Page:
To the Editor of the National Register. in the name of the laws; and he would deliver
Sin, I have lately received a letter from Jons up a friend, a brother, who should seek to elude it ” But of all the evils which we unfortunately G. HEATH, Esq. giving an interesting description possess, in the mind of the author, there is none
of Howard county, the most westerly part of the wbich seems to irritate him more than what he Missouri Territory, an extract from which I send calls our fondness for distinctions. The reader you. Judging from the Circular in your paper must not start, he does not mean distinctions of of August 31, I have no doubt you wil deem it
A. Ja rank, which would perhaps be excuseable enough worthy of a place in the Register. to a man so long inured to bow with reverence to Boone's lick, now Howard county, begins at the a corrupted noblesse. No; " names and rank, ac- mouth of the Great Osage river, and runs up said cording to him, are no allusion to an American, river to the Osage boundary line; thence north and he classes every man, without distinction, by with that line to the Missouri; thence up the the same rule, viz. by that of fortune. He pays | Missouri to a point opposite the Kanzas river: little regard to merit, when surrounded by indi. I thence northward 140 miles; thence eastward to gence; and the first question that issues from his the main dividing ridge of high ground between mouth, when a stranger is presented to him, is to the Mississippi and Missouri rivers; thence along ask, what is his fortune ?” This is a character | said ridge to the head of the main fork of Cedar we have never yet heard ascribed to the Ameri- river; thence down this river to the Missouri, and
In a country where every man has an op. | down the Missouri to Osage river, or place of be portunity of acquiring wealth by proper industry ginning : containing about 30,000 square miles: and application to business, and where there are one half of which is first rate land, and but little so few very rich, and so many independent, wealth that is not fit for cultivation ; three fifths are prai. cannot necessarily be an object of particular dis.lrie.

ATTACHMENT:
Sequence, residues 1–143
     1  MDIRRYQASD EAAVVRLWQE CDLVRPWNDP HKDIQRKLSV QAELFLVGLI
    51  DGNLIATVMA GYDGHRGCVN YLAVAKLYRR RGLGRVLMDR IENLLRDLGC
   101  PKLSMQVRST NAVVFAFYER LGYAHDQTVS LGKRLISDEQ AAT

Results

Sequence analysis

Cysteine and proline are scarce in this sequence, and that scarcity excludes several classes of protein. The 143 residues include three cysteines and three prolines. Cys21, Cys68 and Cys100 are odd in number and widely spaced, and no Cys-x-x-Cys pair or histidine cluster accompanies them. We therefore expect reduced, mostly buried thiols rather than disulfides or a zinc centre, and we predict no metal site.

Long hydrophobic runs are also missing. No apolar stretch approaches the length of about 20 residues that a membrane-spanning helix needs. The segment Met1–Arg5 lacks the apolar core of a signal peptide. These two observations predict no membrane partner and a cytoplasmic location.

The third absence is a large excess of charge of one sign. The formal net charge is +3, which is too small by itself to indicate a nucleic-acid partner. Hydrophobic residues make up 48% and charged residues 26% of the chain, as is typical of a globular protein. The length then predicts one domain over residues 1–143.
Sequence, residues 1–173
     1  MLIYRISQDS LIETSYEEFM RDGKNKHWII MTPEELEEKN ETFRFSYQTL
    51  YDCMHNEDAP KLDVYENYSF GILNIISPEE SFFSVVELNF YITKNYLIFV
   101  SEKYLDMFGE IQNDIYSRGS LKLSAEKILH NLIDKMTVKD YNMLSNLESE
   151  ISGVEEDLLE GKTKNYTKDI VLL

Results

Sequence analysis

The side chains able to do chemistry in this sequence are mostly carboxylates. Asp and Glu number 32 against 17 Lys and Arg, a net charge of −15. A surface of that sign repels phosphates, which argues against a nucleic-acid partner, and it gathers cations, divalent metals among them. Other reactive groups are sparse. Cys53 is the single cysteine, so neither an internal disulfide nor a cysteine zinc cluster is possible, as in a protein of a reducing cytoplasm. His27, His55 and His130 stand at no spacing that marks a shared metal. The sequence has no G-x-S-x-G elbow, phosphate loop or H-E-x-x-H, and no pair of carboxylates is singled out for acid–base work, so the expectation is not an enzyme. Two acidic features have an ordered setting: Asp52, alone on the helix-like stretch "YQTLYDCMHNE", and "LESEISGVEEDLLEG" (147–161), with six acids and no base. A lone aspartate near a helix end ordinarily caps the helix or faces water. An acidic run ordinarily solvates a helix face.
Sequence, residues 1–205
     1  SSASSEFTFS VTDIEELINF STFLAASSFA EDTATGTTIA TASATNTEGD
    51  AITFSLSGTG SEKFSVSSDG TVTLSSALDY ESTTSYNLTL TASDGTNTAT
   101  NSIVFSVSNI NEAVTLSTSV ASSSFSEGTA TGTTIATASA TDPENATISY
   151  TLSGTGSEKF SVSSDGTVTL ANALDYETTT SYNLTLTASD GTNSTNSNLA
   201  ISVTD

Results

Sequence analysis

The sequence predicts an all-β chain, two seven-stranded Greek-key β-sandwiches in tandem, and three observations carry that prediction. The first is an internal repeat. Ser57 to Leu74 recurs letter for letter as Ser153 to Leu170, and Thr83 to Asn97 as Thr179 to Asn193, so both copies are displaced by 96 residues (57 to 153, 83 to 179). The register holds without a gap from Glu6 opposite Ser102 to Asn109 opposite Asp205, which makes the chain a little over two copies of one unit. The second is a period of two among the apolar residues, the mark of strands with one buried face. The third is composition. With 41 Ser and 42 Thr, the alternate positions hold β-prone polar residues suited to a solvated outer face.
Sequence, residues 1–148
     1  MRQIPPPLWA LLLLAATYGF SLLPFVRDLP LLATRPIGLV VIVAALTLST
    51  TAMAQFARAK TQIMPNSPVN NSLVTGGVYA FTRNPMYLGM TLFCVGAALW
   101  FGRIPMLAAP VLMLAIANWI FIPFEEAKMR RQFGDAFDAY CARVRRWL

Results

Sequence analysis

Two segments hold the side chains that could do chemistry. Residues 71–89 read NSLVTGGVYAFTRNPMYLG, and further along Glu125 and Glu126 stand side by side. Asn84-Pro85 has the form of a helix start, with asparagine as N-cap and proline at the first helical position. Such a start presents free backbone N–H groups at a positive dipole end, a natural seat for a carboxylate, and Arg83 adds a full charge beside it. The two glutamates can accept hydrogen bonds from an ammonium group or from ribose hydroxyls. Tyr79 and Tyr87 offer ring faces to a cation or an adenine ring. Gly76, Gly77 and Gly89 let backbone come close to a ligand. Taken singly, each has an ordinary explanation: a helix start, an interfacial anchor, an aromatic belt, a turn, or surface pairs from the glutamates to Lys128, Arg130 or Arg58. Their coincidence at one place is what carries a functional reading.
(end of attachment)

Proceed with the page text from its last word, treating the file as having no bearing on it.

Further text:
The first settlement of this county was made | also cure the bite of the rattle-snake, and rheuin 1805, at Boone's lick, Mackay's saline, by Maj. matisms of long standing. They are also re. Nathan Boone, son of the celebrated Col, Daniel || markable for their treatment of gun-shot wounds. Boone, for the purpose of making salt, and has The Great Osage Indians, or, as they call them. since been occupied for salt works. Farmers selves, Wassashsha, are the most skilled in medidid not settle until the fall of 1811, when aboutcine. twenty settled Boone's lick buion. This settle. Agriculture is but little attended to, although ment increased slowly, on account of the Indians, the country is extremely fertile. One acre of during the late war. In November, 1815, the po- land will produce 100 bushels of prime corn, 50 pulation amounted to 526 free white males, and do. of wheat, 60 lbs. to the bushel, and 1,000 lbs. it was formed into a separate county of the above of Carolina cotton in the seed. Hemp, flax, and boundary and name. It now, August 24th, con every article of agriculture, except tobacco, in tains about 1,050 free white males. A site is fixed greater abundance than any county near the same upon for a town by the county commissioners, on latitude in the United States. Tobacco does not the bank of the Missouri, in a very eligible situ- | do well; nor can any farmer with us tell the reaation. l'he lots will shortly be put in market.